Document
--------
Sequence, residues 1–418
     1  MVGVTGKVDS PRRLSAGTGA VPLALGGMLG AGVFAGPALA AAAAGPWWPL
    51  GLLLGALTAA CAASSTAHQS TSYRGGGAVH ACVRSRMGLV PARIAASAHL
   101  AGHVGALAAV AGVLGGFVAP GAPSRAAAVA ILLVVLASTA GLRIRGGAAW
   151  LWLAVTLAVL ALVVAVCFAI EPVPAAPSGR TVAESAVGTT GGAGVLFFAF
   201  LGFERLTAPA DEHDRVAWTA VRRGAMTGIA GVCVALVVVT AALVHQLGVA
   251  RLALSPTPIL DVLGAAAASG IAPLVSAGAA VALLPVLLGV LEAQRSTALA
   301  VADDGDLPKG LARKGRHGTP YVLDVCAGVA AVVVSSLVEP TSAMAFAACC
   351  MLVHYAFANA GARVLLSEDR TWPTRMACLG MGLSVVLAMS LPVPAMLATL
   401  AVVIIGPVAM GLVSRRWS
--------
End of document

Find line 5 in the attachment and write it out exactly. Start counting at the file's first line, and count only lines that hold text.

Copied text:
   151  LWLAVTLAVL ALVVAVCFAI EPVPAAPSGR TVAESAVGTT GGAGVLFFAF